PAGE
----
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Michael Perry: Obergefell v. Hodges: An Imagined Opinion, Concurring in the Judgment
Michael Ramsey

Michael J. Perry (Emory University School of Law) has posted Obergefell v. Hodges: An Imagined Opinion, Concurring in the Judgment on SSRN.  Here is the abstract:      

In Obergefell v. Hodges, decided on June 26, 2015, the Supreme Court of the United States ruled that excluding same-sex couples from civil marriage is unconstitutional. Sometimes the appropriate response to a judicial decision is: “Right ruling, but wrong — or, at least, problematic — reasoning.” Is that the appropriate response — or an appropriate response — to the Court’s decision in Obergefell?

This brief paper is an imagined opinion — an opinion by an imaginary justice of the Supreme Court, Justice Nemo — concurring in the Court’s judgment in Obergefell. In the opinion, Justice Nemo articulates a basis for the Court’s judgment that she believes to be preferable, on a number of grounds, to the somewhat diffuse mix of rationales on which the majority relies. Justice Nemo begins her opinion by explaining why one of the rationales included in the mix on which the majority relies — an “equal protection” rationale — is, in her view, a problematic basis for the Court’s judgment.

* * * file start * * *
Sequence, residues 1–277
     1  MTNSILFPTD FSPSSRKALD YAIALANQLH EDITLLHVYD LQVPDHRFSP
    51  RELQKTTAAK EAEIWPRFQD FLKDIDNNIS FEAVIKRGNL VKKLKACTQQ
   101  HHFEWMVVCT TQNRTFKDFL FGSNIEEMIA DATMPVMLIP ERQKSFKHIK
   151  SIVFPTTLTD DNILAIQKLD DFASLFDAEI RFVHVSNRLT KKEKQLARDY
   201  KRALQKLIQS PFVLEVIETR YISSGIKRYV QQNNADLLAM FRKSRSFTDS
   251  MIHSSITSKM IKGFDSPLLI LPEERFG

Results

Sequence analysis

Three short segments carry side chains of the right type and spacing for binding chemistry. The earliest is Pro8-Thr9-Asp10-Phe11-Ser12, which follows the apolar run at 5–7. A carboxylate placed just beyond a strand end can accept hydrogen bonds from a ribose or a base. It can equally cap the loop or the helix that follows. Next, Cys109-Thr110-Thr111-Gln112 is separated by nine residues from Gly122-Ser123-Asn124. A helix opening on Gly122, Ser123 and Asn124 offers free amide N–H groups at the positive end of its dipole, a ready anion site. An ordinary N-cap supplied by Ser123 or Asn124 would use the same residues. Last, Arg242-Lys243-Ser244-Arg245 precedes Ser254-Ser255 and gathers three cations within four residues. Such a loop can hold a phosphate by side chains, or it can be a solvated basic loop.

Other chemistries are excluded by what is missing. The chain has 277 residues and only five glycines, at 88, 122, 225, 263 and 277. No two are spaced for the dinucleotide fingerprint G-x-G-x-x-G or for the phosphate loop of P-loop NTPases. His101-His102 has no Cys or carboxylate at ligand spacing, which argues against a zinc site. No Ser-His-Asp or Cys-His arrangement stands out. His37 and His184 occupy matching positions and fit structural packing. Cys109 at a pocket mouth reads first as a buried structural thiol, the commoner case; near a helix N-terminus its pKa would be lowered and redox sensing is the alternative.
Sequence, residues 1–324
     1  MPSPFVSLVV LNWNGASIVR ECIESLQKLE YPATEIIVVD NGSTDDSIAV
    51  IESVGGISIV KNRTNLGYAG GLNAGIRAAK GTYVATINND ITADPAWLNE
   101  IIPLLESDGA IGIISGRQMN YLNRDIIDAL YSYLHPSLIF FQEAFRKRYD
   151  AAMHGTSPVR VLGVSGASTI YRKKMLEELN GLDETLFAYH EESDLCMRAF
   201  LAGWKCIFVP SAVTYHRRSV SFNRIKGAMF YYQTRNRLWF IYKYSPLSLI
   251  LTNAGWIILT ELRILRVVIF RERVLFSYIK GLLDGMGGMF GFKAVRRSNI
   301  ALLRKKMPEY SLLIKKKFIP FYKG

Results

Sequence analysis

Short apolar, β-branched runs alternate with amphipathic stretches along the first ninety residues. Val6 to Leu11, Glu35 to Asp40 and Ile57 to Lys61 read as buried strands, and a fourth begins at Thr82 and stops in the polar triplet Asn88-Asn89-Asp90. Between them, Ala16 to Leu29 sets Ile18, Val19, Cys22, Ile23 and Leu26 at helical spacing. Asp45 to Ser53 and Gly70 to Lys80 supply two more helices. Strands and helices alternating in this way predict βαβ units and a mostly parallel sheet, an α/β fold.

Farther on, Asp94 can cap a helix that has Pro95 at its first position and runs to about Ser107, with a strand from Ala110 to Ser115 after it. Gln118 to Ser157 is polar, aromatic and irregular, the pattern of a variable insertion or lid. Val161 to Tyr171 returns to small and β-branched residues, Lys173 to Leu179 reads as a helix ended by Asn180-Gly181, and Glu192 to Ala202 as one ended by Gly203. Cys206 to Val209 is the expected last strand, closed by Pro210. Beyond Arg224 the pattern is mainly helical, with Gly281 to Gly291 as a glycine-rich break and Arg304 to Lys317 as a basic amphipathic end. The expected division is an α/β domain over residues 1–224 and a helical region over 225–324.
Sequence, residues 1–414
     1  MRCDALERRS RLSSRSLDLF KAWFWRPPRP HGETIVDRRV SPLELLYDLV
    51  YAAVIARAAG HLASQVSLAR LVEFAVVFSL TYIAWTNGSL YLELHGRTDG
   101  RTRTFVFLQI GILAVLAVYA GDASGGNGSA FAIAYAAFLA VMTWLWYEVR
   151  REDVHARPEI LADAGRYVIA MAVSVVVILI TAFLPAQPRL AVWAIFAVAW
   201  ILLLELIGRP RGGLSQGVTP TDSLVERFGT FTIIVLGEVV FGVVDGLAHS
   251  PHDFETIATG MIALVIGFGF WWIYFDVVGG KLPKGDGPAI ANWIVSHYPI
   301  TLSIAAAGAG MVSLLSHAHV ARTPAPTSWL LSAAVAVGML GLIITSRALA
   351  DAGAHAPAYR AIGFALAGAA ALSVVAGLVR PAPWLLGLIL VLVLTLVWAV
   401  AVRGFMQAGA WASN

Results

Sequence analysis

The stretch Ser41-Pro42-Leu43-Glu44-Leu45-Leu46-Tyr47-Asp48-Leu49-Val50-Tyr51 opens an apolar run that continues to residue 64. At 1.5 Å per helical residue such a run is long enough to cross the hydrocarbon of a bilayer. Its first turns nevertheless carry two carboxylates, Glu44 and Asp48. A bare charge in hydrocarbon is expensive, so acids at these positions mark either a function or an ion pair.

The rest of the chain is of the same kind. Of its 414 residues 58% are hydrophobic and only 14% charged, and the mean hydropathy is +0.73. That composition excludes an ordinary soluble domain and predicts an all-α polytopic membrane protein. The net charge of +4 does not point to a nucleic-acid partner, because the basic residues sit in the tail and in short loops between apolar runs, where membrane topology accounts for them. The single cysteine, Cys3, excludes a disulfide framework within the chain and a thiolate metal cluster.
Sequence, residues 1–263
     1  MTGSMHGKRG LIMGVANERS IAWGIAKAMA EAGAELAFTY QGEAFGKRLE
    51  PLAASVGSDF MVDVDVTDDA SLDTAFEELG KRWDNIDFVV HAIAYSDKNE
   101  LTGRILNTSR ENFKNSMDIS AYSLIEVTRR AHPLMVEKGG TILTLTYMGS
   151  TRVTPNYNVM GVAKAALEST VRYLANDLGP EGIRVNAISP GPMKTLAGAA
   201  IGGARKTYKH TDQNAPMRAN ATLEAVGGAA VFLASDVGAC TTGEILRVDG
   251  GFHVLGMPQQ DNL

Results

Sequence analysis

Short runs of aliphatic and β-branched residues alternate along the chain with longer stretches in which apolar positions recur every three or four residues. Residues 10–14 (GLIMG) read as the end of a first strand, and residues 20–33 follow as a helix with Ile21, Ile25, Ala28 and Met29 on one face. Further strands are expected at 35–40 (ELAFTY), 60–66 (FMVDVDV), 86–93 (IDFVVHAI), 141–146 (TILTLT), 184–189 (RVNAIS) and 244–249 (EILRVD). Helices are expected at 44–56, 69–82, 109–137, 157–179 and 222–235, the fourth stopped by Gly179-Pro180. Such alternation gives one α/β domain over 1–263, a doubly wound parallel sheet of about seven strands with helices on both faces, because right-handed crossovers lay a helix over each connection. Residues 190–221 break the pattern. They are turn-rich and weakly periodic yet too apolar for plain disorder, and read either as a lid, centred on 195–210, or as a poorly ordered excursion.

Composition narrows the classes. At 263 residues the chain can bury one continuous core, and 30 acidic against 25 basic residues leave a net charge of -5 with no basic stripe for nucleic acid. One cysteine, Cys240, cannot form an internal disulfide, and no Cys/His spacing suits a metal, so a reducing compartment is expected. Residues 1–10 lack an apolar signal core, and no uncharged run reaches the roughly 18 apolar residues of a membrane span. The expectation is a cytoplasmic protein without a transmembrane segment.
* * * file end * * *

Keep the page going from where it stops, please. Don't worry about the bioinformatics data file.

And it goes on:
I found the first part of the paper (rejecting the equal protection argument) especially interesting because, as I've argued previously, I think the equal protection argument is the only plausible textualist/originalist route to requiring states to recognize same-sex marriage.  But Professor Perry's contrary argument is pretty persuasive.  (And I won't add any spoiler about what he thinks is the better argument).